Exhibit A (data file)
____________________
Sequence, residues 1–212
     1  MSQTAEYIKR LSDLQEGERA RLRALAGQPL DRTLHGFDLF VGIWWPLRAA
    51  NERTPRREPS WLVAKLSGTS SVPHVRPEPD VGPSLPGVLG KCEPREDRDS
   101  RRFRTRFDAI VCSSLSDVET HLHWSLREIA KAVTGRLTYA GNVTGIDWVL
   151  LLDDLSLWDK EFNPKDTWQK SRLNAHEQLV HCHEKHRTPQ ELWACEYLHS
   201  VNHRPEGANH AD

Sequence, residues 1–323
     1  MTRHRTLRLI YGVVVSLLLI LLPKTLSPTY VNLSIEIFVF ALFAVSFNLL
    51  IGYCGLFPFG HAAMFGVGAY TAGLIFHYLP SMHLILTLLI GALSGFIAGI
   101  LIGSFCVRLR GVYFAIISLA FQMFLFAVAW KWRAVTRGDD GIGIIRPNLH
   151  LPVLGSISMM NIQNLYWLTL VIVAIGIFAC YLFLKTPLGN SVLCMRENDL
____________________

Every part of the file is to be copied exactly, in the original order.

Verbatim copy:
Sequence, residues 1–212
     1  MSQTAEYIKR LSDLQEGERA RLRALAGQPL DRTLHGFDLF VGIWWPLRAA
    51  NERTPRREPS WLVAKLSGTS SVPHVRPEPD VGPSLPGVLG KCEPREDRDS
   101  RRFRTRFDAI VCSSLSDVET HLHWSLREIA KAVTGRLTYA GNVTGIDWVL
   151  LLDDLSLWDK EFNPKDTWQK SRLNAHEQLV HCHEKHRTPQ ELWACEYLHS
   201  VNHRPEGANH AD

Sequence, residues 1–323
     1  MTRHRTLRLI YGVVVSLLLI LLPKTLSPTY VNLSIEIFVF ALFAVSFNLL
    51  IGYCGLFPFG HAAMFGVGAY TAGLIFHYLP SMHLILTLLI GALSGFIAGI
   101  LIGSFCVRLR GVYFAIISLA FQMFLFAVAW KWRAVTRGDD GIGIIRPNLH
   151  LPVLGSISMM NIQNLYWLTL VIVAIGIFAC YLFLKTPLGN SVLCMRENDL